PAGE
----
2. Related to the first issue of improper order within the family is the question of the place of children within it. Children are born to parents, not the other way around. They are not mini-adults and are not mature enough to make the best decisions regarding what direction their lives should take. That is why God “invented” parents. Having children in control is a sure recipe for disaster, not only in the home education but in the home, period.
3. When parents have brought the school way of thinking home, they will often get frustrated with trying to fit a “square peg into a round hole,” so to speak.
Training and teaching children at home is entirely different from sending them to school, therefore, bringing school home usually doesn’t work. If this problem is not fixed, when thinking that the school way is the only way, parents will eventually send the children to school where they actually know how to “do” school.
4. We are social beings and usually do not function well by ourselves. We require fellowship with people of like mind to properly survive what may come our way. When a family, a mother or children do not have the support of others, the wheels of home education can come off pretty quickly.
5. Following the advice of people who see themselves as experts but who have limited knowledge and experience will ultimately lead you to frustration and failure. Although it is important to surround yourself with people sharing a similar journey, it is best to listen to those who will support and encourage you to home educate in keeping with the unique individual needs of your family and children rather than direct you to do what they have done.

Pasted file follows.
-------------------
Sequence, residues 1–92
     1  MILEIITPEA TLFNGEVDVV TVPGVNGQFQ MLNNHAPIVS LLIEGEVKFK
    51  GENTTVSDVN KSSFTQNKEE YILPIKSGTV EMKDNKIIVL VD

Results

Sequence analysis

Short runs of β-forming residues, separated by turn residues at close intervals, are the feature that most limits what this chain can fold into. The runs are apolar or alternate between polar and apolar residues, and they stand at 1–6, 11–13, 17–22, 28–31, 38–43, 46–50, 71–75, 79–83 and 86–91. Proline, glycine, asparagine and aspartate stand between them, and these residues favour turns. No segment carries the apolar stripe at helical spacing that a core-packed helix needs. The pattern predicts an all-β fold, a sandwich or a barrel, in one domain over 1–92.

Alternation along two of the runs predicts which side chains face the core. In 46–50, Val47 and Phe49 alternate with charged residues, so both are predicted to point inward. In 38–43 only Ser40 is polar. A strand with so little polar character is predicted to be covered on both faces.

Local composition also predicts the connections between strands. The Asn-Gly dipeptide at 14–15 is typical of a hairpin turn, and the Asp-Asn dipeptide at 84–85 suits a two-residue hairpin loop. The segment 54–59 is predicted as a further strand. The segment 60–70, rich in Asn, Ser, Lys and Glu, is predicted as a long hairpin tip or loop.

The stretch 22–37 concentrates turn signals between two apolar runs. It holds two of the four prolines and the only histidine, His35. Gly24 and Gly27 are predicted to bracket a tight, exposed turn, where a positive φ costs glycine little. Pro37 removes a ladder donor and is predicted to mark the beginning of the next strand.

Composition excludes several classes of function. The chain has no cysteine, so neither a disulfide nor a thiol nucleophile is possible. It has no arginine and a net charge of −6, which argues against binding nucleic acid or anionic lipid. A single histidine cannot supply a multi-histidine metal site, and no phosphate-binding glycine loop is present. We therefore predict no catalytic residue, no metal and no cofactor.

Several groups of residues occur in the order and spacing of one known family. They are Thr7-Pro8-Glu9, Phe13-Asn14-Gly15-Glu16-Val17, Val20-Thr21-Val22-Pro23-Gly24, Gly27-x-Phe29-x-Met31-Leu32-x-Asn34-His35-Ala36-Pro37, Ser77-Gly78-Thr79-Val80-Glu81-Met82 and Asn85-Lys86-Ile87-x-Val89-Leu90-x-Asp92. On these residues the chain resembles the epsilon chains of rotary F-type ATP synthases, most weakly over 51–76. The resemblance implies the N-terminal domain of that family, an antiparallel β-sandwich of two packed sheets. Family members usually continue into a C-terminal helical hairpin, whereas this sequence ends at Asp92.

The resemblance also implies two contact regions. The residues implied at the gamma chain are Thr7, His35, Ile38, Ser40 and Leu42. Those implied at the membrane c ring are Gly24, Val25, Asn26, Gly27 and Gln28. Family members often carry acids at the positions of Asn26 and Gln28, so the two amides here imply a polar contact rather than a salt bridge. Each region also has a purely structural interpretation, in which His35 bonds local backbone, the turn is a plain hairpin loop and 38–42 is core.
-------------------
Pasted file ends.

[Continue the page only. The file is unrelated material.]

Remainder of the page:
6. Educational decisions based on anything other than the educational welfare of the child is a bad idea. It is not the movement, the program, the technique, the resources or the methods that matter. Losing the focus of home education as being in the child’s best interest is sure to end in failure.
7. By far the biggest obstacle to success, or if you will, the main reason for failing in a home education, is parents lacking the knowledge of, and confidence in, God’s way.
Not everybody would agree with this statement, but since we are coming from the biblical perspective, I can assure you that we are either leading children to the knowledge of the truth, or we are not. It should also be obvious that the two different directions are mutually exclusive. That is, you cannot reach God using man’s way, nor, for that matter can you usually please the world using God’s way.
In my opinion, failure in a home education is returning to the school as having the greater authority and knowhow in the raising, training and teaching of children.
I would be a fool to state that school should be avoided at all costs. However, one has to know that nearly every school either advances man as God or man’s idea of education as Godly. Therefore a return to school is, in my opinion, to have failed. Failing to trust in God and putting our confidence in man is sure to fail us in the end (Ps. 118:8).
Several years ago, while being interviewed regarding home education for a radio program, the interviewer asked me to summarize home education. Without hesitation, I said it was a matter of faith. I still believe that today.
We are likely to return to this fear of failure as we proceed with this topic on the fears and concerns of home education because, once you have overcome it, it is likely to come again.